Reformed Baptist Fellowship

Spurgeon on the Vagaries of Emotionalism

In Reformed Baptist Fellowship on December 6, 2010 at 12:14 pm
I’ve been reading Iain Murray’s excellent book The Old Evangelicalism: Old Truths for a New Awakening (Banner, 2005) this week.
In a chapter titled “Spurgeon and True Conversion,” Murray shares this Spurgeon anecdote on the vagaries of emotionalism:
A young preacher once remarked, “Were you not greatly struck to see so large a congregation weeping?” “Yes,” said his judicious friend, “but I was more struck with the reflection that they would probably have wept more at a play” (p. 52).
I shared this quote with a friend this week, and he told about a conversation he had with someone arguing for the priority of music over preaching in worship. His conversation partner noted in advocacy for the power of music that when he sang certain songs in worship his eyes always filled with tears. My friend replied, “Yes, but remember that unconverted men cried after 9/11 when they heard ‘Amazing Grace.’”
Jeffrey T. Riddle, Pastor
Christ Reformed Baptist Church
Charlottesville, Virginia
  1. And many that you see crying while the bag pipes belt out Amazing Grace will go back to their work places and go right back to using the Lords name in vain,excessive drinking,immoral thoughts and actions without shedding a tear. And as Romans says they glory in their sin and approve of others in theirs.Romans 1:32 I have spent to much of my Christian life in an emotional fog,it’s good to be in the clear light of the TURTH and to be sober minded in true joy.

  2. It reminds me of a time I went to see the movie about Joni Ereckson. I walked out of the theater sobbing but they were not tears of sadness but tears of joy that she had come to saving faith. It moved me so much I cried aloud and couldn’t stop until halfway home. The movie reflected on God’s work to bring one of His elect into His kingdom. Yes, music can move us but so can the words of God. Both are a blessing.

  3. A brother and I were just talking yesterday about the trend in evangelicalism for “worship leaders” to over-emote in order to try to stir up the congregation. We both agreed that oftentimes it just falls flat and appears fake. Nothing against stirring up the people to greater love of Christ or a greater joy and reverence of the Lord, but it often ends up producing emotionalism and not true emotions. Those leading worship (whether in the sung or spoken Word) must point to and magnify Christ, not themselves!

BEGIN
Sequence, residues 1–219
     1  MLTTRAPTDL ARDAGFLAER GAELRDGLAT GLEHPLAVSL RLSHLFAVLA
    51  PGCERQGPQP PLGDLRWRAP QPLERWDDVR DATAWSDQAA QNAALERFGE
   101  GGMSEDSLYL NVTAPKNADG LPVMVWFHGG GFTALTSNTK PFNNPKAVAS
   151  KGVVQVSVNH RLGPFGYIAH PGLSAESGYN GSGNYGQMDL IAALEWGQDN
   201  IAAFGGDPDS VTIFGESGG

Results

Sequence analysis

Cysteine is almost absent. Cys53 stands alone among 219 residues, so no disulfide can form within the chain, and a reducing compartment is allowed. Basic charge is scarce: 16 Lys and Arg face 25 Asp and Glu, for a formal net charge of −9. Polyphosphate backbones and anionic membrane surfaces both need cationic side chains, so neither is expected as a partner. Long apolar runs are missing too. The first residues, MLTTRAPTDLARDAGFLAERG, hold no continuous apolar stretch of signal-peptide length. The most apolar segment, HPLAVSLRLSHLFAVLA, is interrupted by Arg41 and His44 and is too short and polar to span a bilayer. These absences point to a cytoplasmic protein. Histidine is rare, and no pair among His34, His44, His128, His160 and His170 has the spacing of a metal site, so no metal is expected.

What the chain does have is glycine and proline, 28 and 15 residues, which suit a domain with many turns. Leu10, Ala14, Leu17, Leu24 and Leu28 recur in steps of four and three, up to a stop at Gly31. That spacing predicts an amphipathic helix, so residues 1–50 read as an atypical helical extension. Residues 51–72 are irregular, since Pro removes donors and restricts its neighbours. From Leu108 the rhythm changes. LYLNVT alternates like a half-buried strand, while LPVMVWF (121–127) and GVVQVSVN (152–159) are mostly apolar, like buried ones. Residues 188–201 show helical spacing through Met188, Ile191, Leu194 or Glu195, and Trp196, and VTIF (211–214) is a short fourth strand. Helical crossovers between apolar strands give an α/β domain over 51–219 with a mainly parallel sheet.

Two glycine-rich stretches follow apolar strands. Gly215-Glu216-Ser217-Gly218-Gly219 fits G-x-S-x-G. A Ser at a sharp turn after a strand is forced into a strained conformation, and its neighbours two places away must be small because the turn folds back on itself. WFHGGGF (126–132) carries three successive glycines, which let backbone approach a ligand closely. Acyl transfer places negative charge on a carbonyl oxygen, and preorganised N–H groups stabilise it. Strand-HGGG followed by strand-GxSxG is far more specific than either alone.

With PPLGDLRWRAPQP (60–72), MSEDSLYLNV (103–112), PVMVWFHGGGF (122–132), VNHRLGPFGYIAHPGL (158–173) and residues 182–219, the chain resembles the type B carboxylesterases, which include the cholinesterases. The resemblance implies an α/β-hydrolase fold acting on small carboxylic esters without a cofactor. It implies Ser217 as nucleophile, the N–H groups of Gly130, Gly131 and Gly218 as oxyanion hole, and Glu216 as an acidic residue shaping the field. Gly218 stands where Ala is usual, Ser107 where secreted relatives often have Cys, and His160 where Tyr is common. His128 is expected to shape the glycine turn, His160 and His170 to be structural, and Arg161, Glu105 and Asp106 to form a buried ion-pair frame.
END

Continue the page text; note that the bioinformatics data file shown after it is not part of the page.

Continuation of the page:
4. Thanks for posting. I wonder what this says for people who show very little emotion in worship (whether under preaching, singing a good hymn, praying or reading of scripture), but show gads of emotion in other situations like sporting events, funerals, etc. In my limited experience, emotionalism (which is a very real danger) is more common in evangelicalism, but not so much in reformed circles. This quote actually seems to be criticism that the congregation was not as emotional as they should have been considering how they emote for other events. In my opinion emotional sterility is just as much of a sin as emotional excess. I think the real challenge is to have genuine emotions that are moved by truth. I know for myself I have hardly, if ever, been as broken as I should be by my own sin or the misery of my neighbors….or rejoiced with as much exuberance as the grace of God calls for. I am generally glad when I see people emotionally moved by the truth and I try not to question the genuineness of their experience without good reason.

  5. Matthew,

    I agree. I don’t think we can ever have too much emotion. The problem is wrong emotion not strong emotion. If our emotions are to be stirred by truth then to the degree our songs, prayers, and conversations contain truth they should elicit or stir up our affections. If our preaching is to contain truth then how much more should our preaching stir the affections of our people.

    Truth applied by the Holy Spirit is the cause of true emotional or affectionate worship. This comes to the heart through the mind. The Spirit doesn’t by-pass it (emotionalism) nor stop at it (intellectualism). May the Lord keep us from both evils.


  6. Good balance Matthew and Mike. I am not an advocate of the sour puss face in worship or the clown face but a face that reflects the joy of the worship,preaching and fellowsip of the WORD. When ever our Lord is lifted up it should stir in us a delight born of grattitude for such grace to unworthy sinners. And your right it should be genuine and natural not forced.

  7. Well said Matt:
    “In my opinion emotional sterility is just as much of a sin as emotional excess. I think the real challenge is to have genuine emotions that are moved by truth.”

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